Spending

UK Defense Secretary calls for increased military spending

Britain’s defense secretary has urged the Treasury to stop hoarding ‘peace dividends’ and boost the army budget, as Britain’s army chief warns Europe faces a “moment of 1937”.

Ben Wallace’s comments came as Britain prepared to send more artillery, helicopters and air defense systems to Estonia, where British forces are on the NATO frontline against any possible Russian attack on the Baltic States.

The Defense Secretary wants a long-term investment in the British military, but claimed the issue ‘does not fit into the top three or four political policies that drive Chancellors and Prime Ministers at the time’.

He spoke as Boris Johnson traveled to a NATO summit in Madrid, where the Prime Minister will urge other members of the alliance to go beyond the agreed target of spending 2% of domestic product raw for defense.

Wallace denied a report that he had asked Johnson to raise Britain’s military spending target of £10bn by 2028 to a new target of 2.5% of GDP, insisting he had not requested specific digit. But he told an event hosted by New Statesman magazine that while prime ministers and chancellors have responded to a winter health crisis by increasing NHS spending, they don’t see security crises the same way.

He said the Treasury continued to collect a “peace dividend”, referring to savings made since the end of the Cold War. “If the threat changes, you need to have this discussion about investing rather than taking [the peace dividend],” he added.

Figures released by NATO on Monday showed the UK is expected to spend 2.1% of its national income on defense in 2022. Johnson claimed this year’s figure would be 2.3%, when 1, £3bn of emergency aid to Ukraine was included.

Chancellor Rishi Sunak has approved a four-year spending settlement for the Ministry of Defense in 2020, increasing annual spending by more than £6billion a year in cash terms. Johnson insisted on the large cash injection.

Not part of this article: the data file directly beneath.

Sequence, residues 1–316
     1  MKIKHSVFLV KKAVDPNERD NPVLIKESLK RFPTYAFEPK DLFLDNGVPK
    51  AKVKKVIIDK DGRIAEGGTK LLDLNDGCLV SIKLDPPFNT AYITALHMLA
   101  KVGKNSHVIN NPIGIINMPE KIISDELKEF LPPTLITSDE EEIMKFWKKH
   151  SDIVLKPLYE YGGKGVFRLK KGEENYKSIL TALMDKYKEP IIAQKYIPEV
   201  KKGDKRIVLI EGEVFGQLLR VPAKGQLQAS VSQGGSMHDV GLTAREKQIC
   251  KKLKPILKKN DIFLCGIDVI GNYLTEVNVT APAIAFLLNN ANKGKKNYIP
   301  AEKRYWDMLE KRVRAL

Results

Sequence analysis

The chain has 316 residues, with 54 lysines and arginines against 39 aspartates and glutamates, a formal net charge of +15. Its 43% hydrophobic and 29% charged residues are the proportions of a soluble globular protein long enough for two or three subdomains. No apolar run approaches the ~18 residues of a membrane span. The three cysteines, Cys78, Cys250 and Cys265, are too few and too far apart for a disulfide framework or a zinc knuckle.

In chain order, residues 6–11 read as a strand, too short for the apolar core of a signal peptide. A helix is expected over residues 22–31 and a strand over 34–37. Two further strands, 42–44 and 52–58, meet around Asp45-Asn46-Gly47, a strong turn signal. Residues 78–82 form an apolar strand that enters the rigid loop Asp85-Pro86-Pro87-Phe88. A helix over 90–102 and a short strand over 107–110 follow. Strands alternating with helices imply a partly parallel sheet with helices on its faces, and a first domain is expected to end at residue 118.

Treasury insiders argue that future talks on military spending will have to wait until the next spending review, although emergency funds for military operations may be released from the reserve.

Johnson’s allies have confirmed the government has abandoned its 2019 manifesto pledge to raise the defense budget by 0.5 percentage points above inflation every year in this parliament.

They said soaring inflation and the damage wrought by Covid-19 had changed everything, adding that the manifesto’s promise had been made in “another time”.

Commenting on speculation about the 0.5 percentage point commitment, Johnson said on his way to the NATO meeting that the UK “has been well over that target for some time now”.

He added: “We are confident that we will get there. You don’t look at inflation as a single data point, you look at it over the span of parliament and I’m confident we’ll get there.

Meanwhile, General Sir Patrick Sanders, Chief of the General Staff, denounced Russian President Vladimir Putin’s “brutal aggression” in a speech to the Royal United Services Institute, a defense think tank.

“Let’s be clear, the British Army is not mobilizing to cause war – it is mobilizing to prevent war,” Sanders said, adding, “This is our moment of 1937. We are not at war, but we We must act quickly so as not to be drawn into a war by inability to contain territorial expansion.

Johnson to tell NATO summit that 2% of GDP target for defense spending was ‘a floor, not a ceiling’ and suggest he favors calls for bigger MoD budget in the future.

“As we think about shaping a future in which the British people are secure and prosperous, we must again look to defence,” Johnson will say. “To neglect the needs of our armed forces is to neglect our country.